Saudi sending European arms to Syria: Report

Written by  Published by:Shiite News
Published in Saudi Arab
Wednesday, 19 June 2013


Shiitenews - Saudi sending European arms to Syria: ReportSaudi Arabia has begun supplying anti-aircraft missiles to militant groups in Syria since two months ago, a Saudi source said on Monday.

The shoulder-fired weapons were obtained mostly from suppliers in France and Belgium, the source told Reuters. France had paid for the transport of the weapons to the region.

The Saudi source said without elaborating that the kingdom had begun taking a more active role in the Syrian conflict in recent weeks due to the intensification of the conflict.

A foreign ministry spokesman was not immediately available for comment.

King Abdullah returned to Saudi Arabia on Friday after cutting short a holiday in Morocco to deal with what state media described as "repercussions of the events that the region is currently witnessing".

Diplomatic sources in the kingdom say Riyadh has grown increasingly concerned after the victory of Syria army in strategic city of Qusair.

Speaking to Reuters on Friday, Idriss urged Western allies to supply anti-aircraft and anti-tank missiles and to create a no-fly zone.

Idriss said his militant group urgently needed heavier weapons in the northern city of Aleppo, where Syria army is preparing a massive operation.

Saudi Arabia has begun supplying anti-aircraft missiles to militant groups in Syria since two months ago, a Saudi source said on Monday.

The shoulder-fired weapons were obtained mostly from suppliers in France and Belgium, the source told Reuters. France had paid for the transport of the weapons to the region.

The supplies were intended for General Salim Idriss, the head of the so-called Supreme Military Council of the Free Syrian Army (FSA), who was still the kingdom's main "point man" in the opposition, the source said.

The Saudi source said without elaborating that the kingdom had begun taking a more active role in the Syrian conflict in recent weeks due to the intensification of the conflict.

A foreign ministry spokesman was not immediately available for comment.

King Abdullah returned to Saudi Arabia on Friday after cutting short a holiday in Morocco to deal with what state media described as "repercussions of the events that the region is currently witnessing".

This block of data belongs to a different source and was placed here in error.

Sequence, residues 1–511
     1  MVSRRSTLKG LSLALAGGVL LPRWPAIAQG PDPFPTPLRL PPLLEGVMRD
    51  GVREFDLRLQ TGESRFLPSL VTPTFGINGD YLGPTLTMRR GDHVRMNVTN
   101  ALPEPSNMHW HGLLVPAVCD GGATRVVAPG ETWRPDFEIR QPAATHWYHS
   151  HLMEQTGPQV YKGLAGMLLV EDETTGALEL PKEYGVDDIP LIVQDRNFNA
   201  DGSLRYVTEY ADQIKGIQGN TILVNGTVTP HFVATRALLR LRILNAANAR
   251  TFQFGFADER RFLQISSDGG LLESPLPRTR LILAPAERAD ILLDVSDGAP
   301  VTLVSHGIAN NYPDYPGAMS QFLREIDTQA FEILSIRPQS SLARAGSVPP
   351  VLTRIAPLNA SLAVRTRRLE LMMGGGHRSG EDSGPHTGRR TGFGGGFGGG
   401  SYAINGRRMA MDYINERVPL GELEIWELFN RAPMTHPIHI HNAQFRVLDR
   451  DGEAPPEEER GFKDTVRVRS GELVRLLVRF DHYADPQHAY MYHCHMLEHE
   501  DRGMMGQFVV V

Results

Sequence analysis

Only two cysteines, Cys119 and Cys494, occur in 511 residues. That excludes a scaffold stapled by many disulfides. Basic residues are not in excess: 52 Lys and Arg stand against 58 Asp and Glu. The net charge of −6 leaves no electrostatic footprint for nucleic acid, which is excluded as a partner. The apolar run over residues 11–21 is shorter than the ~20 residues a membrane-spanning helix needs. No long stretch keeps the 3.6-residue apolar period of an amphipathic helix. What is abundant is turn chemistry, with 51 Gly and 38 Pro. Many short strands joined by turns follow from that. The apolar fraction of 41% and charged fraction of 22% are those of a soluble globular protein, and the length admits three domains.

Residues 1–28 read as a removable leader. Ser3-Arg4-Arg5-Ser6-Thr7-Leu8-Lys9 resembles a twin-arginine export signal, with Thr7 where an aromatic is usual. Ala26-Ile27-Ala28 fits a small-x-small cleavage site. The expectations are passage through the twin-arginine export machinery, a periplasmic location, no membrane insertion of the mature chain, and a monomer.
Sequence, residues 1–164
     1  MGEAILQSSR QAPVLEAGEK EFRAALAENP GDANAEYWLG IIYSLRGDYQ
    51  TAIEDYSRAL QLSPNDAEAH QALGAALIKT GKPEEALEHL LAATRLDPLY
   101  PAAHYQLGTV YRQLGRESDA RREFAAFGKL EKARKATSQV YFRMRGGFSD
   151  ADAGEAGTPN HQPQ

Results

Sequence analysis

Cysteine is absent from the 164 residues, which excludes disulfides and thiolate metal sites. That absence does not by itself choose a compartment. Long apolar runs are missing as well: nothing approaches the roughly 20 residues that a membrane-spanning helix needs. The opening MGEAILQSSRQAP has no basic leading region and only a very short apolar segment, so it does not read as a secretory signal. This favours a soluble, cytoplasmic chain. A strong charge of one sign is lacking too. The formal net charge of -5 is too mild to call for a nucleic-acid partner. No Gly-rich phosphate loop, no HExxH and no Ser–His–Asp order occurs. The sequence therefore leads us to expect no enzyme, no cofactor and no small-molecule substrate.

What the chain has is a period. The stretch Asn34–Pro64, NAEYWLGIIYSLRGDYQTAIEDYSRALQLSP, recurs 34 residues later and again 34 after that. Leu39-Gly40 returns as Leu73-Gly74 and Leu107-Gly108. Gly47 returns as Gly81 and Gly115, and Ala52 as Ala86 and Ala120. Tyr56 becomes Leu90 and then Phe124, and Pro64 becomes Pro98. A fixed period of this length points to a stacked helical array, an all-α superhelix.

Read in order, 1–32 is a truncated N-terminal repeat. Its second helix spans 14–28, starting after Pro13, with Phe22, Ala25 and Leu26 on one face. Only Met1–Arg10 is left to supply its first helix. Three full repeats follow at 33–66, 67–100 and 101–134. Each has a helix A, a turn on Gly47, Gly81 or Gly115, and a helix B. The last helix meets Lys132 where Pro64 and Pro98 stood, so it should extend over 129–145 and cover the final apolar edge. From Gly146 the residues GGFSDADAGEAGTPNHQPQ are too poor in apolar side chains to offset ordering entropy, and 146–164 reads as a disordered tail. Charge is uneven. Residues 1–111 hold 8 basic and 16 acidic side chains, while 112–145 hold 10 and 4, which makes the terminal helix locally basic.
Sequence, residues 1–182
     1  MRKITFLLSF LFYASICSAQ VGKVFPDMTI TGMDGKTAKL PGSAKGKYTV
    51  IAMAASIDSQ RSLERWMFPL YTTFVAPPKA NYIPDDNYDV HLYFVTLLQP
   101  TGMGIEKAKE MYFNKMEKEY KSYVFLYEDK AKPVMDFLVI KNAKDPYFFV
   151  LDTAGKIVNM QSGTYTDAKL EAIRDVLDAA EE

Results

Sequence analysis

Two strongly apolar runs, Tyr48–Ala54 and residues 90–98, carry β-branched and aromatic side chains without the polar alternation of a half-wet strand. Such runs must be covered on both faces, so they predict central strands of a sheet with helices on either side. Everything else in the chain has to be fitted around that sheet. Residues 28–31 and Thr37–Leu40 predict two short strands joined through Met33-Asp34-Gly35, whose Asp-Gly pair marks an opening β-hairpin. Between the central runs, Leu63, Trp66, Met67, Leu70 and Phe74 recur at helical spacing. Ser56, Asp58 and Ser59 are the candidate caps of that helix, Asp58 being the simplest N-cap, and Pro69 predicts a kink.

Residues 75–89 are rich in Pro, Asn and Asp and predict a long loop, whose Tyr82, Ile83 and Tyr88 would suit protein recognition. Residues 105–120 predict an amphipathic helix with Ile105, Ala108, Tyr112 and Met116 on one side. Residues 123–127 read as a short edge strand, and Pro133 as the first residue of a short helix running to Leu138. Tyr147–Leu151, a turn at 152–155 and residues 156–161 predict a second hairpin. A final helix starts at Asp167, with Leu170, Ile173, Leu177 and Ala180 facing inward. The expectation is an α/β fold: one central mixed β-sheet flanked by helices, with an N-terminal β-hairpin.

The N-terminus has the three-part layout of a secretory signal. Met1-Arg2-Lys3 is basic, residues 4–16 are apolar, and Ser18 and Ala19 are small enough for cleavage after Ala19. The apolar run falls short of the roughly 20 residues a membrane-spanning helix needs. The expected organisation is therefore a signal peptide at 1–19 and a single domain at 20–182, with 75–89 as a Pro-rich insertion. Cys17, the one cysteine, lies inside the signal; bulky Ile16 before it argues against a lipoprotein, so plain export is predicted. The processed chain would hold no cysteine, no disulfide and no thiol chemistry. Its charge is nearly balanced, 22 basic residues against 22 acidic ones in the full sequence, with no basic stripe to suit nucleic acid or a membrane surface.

Diplomatic sources in the kingdom say Riyadh has grown increasingly concerned after the victory of Syria army in strategic city of Qusair.

Speaking to Reuters on Friday, Idriss urged Western allies to supply anti-aircraft and anti-tank missiles and to create a no-fly zone.

Idriss said his militant group urgently needed heavier weapons in the northern city of Aleppo, where Syria army is preparing a massive operation.

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The supplies were intended for General Salim Idriss, the head of the so-called Supreme Military Council of the Free Syrian Army (FSA), who was still the kingdom's main "point man" in the opposition, the source said.

The Saudi source said without elaborating that the kingdom had begun taking a more active role in the Syrian conflict in recent weeks due to the intensification of the conflict.

A foreign ministry spokesman was not immediately available for comment.

King Abdullah returned to Saudi Arabia on Friday after cutting short a holiday in Morocco to deal with what state media described as "repercussions of the events that the region is currently witnessing".

Diplomatic sources in the kingdom say Riyadh has grown increasingly concerned after the victory of Syria army in strategic city of Qusair.

Speaking to Reuters on Friday, Idriss urged Western allies to supply anti-aircraft and anti-tank missiles and to create a no-fly zone.

Idriss said his militant group urgently needed heavier weapons in the northern city of Aleppo, where Syria army is preparing a massive operation.

Saudi Arabia has begun supplying anti-aircraft missiles to militant groups in Syria since two months ago, a Saudi source said on Monday.

The shoulder-fired weapons were obtained mostly from suppliers in France and Belgium, the source told Reuters. France had paid for the transport of the weapons to the region.

The supplies were intended for General Salim Idriss, the head of the so-called Supreme Military Council of the Free Syrian Army (FSA), who was still the kingdom's main "point man" in the opposition, the source said.

The Saudi source said without elaborating that the kingdom had begun taking a more active role in the Syrian conflict in recent weeks due to the intensification of the conflict.

A foreign ministry spokesman was not immediately available for comment.

King Abdullah returned to Saudi Arabia on Friday after cutting short a holiday in Morocco to deal with what state media described as "repercussions of the events that the region is currently witnessing".

Diplomatic sources in the kingdom say Riyadh has grown increasingly concerned after the victory of Syria army in strategic city of Qusair.

Speaking to Reuters on Friday, Idriss urged Western allies to supply anti-aircraft and anti-tank missiles and to create a no-fly zone.

Idriss said his militant group urgently needed heavier weapons in the northern city of Aleppo, where Syria army is preparing a massive operation.

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